Skip to content

The Surprising Reason Why You Are Losing Your Hair

Feeling follicularly-challenged and don't know why? Something unexpected may be to blame.

Tonight's the night: A good time out, no work, no kids. Your outfit is on point. You're smelling good. Your pants fit just right. But then you notice…your hair. Is there less of it than there was yesterday? Is there more of it on your hairbrush? Hmm, something has been clogging up the drain….

Things can get hairy when hair loss takes you by surprise.

What causes it to happen? In short: a lot of things. Some are known culprits—like genes—and other reasons are a mystery. While you can't do anything about your genetics, you can do something about one reason why you might be losing hair. Read on to find out what.

RELATED: Sure Signs You Had COVID and Didn't Know It

First of All, How Likely Am I to Lose Hair?

Androgenic alopecia is the scientific term for common hair loss. If you have it, join the (hair) club: it affects roughly half of all men and women. Caucasians are most impacted, followed by Asians and African Americans, and then other groups. And in a twisted version of form following function, the incidence approximates the age in white men, with 50% affected by age 50. In women, the chance of experiencing hair loss increases after menopause.

A strand lasts about two to three years on your head, after which it falls out and is replaced with a new one, in a months long cycle. We all lose hairs routinely, shedding as many as 100 strands of hair a day—and usually, these hairs are replaced over time. But when a hair falls out and is not replaced—or is replaced with a much thinner strand—the march of hair loss has begun. If it continues, we go bald.

The most common cause of hair loss is hereditary—thanks gramps! For years, the myth prevailed that the genes for male pattern baldness (which also affects women, albeit differently) are passed from mother to son on her X chromosome. Conventional wisdom held that men could basically look at the hairdos (or lack thereof) on their mother's side and get a pretty good indication of how they might end up looking. But doctors now say it's more correct to blame both your parents for thinning hair.

RELATED: Signs Your Thyroid is Out of Whack, According to a Doctor

Here's the Surprising Reason Why You May Be Losing Hair

Heredity, hormonal changes, medications, and various health conditions are often to blame. But there's one other reason that could surprise you.

It's your thyroid.

The butterfly-shaped gland that sits at the base of your throat is responsible for releasing hormones that control metabolism—governing how your body uses energy. The thyroid's hormones regulate vital body functions like breathing, heart rate, body weight, body temperature, your nervous system, and so much more. Simply put: it's essential.

Here's a lesser-known fact: thyroid hormones are necessary for the development and maintenance of the hair follicle—which is why so many people with a thyroid dysfunction shed hair. Sometimes the thyroid under or over-produces that hormone—which can wreak havoc on your system—and can impact the development of hair at the root, affecting hair growth. The result? Thinning or baldness, depending on how your thyroid condition goes undiagnosed and untreated.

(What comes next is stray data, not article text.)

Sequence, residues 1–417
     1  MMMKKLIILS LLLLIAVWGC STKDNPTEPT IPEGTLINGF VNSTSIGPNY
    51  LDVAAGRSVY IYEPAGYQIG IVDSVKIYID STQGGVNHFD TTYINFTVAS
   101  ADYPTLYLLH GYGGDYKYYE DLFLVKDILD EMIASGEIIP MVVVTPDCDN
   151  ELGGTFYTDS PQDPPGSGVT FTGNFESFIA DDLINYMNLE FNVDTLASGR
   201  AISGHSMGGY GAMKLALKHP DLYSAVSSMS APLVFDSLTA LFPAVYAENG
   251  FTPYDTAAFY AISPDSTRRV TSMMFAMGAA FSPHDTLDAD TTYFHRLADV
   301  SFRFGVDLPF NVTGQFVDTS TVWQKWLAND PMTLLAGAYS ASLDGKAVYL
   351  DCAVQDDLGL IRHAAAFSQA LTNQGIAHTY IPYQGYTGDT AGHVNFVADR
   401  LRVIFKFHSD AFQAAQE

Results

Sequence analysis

Common autoimmune thyroid conditions like Hashimoto's thyroiditis and Graves' disease can result in hair loss. To add some insult to injury, hair on other parts of your body may also be affected, such as body hair, and yes, eyebrows—with thyroid dysfunction. This is known as diffuse hair loss and is sometimes the presenting symptom for low or hypothyroidism.

Here's some inside scoop from Dr. Joseph Feuerstein, Director of Integrated Medicine at Stamford Hospital, and Associate Professor of Medicine at Columbia University:

"Most conventional doctors are not on the lookout for subclinical hypothyroidism—a real condition that affects millions of unsuspecting people. With subclinical hypothyroidism, your thyroid is underactive, but your levels are still in a 'normal' range. Your thyroid is struggling to keep up, and you'll start having symptoms like fatigue, constipation, weight gain—and possibly hair loss. If left untreated, this will become full-blown hypothyroidism."

The take-away is that you might have thyroid dysfunction that's not developed enough for your doctor to take notice unless they have a more nuanced integrative practice—so be proactive and ask about subclinical hypothyroidism, especially if you're experiencing hair loss!

RELATED: 15 Health Problems to Get Checked Out Immediately, Say Experts

But There Is Good News!

Most cases of thyroid-related hair loss are temporary and treatable! Hair loss from thyroid dysfunction is typically reversed after your thyroid hormone levels stabilize. The less good news? This could take some time—as in months, and it may be incomplete.

RELATED: 19 Ways You're Ruining Your Body, Say Health Experts


Here's what you can do to prevent this from happening in the first place: Have a check-up every year, and have your thyroid levels checked so that you can catch any irregularity quickly and address it. Ask your doctor to check TSH levels along with thyroid hormone in case you have subclinically low thyroid that can develop later into more full-blown hypothyroidism.

In the meantime, keep further hair loss at bay by treating the hair you still have as well as possible. Avoid excessive brushing; harsh coloring products (we're looking at you bleach); and hairstyles that pull tightly like slicked-back buns. If you're feeling self-conscious about your thinning hair or bald patches, a pretty silk scarf or stylish wig might be something to consider while your hair grows back. And to get through life at your healthiest, don't miss: This Supplement Can Raise Your Cancer Risk, Experts Say.